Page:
Release date: July 28th, 2020
When Abi’s father marries Max and Louis’s mom, their families start over together. Abi suddenly finds herself the middle child, expected to share far too much—especially with grubby little Louis. Then they move into an eerie, ivy-covered house, big enough for all of them.
But for the children, strange things start to happen in that house. Abi reads alone, and finds herself tumbling so deep into books, they almost seem real. Louis summons comfort from outdoors, and a startling guest arrives—is it a cat or something else? Max loses his best friend…and falls in love. Meanwhile, Louis’s secret visitor is becoming much too real. Now Abi, Max, and Louis must uncover the secrets of their new home—for there can be danger in even the most beautiful magic.
This book tackles some hard subjects for a younger audience – death of a parent, parental abandonment, a marriage that includes other children, and having to move to an entirely new house. The interactions between the three children are comical in their truth to reality at times. Hilary McKay has done a superb job at realistic situations and responses from the characters in The Time of Green Magic.
Abi reminds me of well… me at that age to a certain extent. I was ALWAYS so absorbed in my books that mother had to practically come and shake me out of whichever world I was currently in. Louis reminds me of Arliss Coates from Old Yeller, if you have no idea what I’m talking about – you should watch it. I understood Max and what he was going through but he wasn’t my favorite character – maybe because of teenage outbursts. The way he is written in the book made him seem younger in my mind than he actually is. He does however have lessons to impart on younger readers. It was heartwarming to see the siblings that were thrust together through marriage grow closer together because of the green magic that had touched them all.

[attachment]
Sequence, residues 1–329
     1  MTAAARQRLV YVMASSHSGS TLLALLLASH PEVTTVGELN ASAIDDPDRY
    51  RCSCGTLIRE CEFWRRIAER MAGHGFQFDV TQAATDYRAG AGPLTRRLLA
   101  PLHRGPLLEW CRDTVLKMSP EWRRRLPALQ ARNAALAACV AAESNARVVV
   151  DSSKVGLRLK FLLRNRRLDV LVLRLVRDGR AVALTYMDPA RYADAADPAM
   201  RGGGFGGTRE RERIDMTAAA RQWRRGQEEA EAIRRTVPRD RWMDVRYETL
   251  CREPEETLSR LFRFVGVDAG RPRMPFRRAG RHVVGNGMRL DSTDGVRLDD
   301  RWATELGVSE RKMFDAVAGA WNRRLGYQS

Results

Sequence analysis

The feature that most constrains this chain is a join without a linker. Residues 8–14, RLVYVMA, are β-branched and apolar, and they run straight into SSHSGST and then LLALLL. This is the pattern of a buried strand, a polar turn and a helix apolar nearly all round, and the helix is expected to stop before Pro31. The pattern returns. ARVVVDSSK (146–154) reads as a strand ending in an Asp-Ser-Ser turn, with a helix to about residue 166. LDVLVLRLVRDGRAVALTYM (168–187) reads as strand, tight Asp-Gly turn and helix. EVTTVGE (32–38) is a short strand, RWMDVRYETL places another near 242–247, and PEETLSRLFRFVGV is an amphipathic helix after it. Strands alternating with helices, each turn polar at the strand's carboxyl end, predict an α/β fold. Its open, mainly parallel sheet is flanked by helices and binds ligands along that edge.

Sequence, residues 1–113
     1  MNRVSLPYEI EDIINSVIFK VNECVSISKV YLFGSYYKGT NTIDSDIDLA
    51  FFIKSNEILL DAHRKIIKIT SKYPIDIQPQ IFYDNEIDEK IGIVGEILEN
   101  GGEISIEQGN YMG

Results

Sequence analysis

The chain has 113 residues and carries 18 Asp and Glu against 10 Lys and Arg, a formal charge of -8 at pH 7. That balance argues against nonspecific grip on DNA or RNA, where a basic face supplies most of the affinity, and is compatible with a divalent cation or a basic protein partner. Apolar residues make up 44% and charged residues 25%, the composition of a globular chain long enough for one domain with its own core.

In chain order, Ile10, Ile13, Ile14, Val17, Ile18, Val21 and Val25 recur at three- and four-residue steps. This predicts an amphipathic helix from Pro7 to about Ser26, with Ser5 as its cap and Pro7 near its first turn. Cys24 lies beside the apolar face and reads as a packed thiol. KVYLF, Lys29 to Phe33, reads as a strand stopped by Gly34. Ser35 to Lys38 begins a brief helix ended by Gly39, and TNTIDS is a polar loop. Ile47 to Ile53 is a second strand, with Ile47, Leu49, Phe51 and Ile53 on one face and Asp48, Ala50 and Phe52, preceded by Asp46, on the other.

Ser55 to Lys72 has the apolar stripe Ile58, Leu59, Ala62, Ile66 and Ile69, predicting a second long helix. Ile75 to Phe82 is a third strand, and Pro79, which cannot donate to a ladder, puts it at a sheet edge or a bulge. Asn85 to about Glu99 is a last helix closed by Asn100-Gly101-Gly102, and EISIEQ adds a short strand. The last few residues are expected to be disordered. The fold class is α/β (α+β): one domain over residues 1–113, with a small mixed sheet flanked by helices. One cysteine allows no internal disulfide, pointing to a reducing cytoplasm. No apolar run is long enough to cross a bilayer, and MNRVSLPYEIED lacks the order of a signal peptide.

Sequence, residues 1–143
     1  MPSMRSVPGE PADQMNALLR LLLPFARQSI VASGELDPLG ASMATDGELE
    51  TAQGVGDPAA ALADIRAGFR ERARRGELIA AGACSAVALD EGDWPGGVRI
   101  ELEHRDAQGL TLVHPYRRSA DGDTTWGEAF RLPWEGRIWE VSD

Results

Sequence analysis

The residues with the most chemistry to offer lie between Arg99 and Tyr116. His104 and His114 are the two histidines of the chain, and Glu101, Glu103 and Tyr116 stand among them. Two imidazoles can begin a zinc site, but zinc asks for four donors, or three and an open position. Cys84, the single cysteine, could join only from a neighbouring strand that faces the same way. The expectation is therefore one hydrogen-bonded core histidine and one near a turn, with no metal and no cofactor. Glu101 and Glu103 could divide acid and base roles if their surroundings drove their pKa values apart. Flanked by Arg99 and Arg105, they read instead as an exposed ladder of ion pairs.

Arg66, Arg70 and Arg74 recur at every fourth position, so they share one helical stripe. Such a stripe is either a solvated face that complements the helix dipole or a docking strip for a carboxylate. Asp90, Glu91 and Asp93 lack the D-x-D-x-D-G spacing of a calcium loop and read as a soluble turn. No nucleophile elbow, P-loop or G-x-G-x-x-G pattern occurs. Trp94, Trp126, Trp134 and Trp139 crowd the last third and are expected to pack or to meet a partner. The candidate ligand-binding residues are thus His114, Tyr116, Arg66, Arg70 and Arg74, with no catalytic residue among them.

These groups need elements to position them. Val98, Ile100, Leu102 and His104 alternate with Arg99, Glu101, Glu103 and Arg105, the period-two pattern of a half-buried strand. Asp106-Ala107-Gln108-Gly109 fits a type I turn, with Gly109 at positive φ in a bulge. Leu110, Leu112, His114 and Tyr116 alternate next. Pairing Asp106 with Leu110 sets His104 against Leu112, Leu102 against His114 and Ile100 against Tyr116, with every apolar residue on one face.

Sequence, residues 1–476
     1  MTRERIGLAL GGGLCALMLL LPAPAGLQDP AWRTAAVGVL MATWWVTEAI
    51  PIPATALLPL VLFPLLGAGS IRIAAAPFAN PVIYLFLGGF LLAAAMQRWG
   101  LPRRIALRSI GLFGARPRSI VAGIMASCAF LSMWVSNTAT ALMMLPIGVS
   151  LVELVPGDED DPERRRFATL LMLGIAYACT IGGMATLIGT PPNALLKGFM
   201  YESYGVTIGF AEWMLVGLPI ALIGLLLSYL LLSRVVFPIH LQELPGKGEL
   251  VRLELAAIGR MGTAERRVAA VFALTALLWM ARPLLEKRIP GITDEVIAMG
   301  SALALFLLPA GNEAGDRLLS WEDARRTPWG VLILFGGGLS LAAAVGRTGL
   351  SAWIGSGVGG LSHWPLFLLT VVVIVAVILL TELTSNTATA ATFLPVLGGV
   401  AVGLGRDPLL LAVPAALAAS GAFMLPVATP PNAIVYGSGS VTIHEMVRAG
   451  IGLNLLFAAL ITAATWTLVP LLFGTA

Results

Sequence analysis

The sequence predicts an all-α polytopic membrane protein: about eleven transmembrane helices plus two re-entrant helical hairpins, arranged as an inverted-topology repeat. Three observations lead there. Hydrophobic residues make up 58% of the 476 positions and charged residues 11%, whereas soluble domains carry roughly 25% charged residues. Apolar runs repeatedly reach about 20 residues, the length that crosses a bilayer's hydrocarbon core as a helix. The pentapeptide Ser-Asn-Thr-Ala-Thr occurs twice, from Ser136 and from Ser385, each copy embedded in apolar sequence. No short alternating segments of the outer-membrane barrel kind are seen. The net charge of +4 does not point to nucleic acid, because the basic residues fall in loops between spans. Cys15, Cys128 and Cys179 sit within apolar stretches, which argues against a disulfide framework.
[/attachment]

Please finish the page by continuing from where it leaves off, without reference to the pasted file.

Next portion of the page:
The magic elements of The Time of Green Magic is a wild thing and reminded me of the green decks I’ve built in Magic The Gathering. In fact, the cover is reminiscent of card illustrations I’ve seen as well.
The cover is absolutely beautiful, I definitely would have picked it up as a middle-grade reader and this is a title that I will more than likely pick up for my daughter to have when she’s old enough to read it. I would highly recommend reading The Time of Green Magic to readers who enjoy fantasy, the middle-grade genre, and wholesome books about family. Many thanks to the publisher, Margaret K. McElderry Books (Simon & Schuster Children’s Publishing), and NetGalley for the opportunity to read this entrancing book – all opinions are my own.
My rating: ⭐⭐⭐⭐/5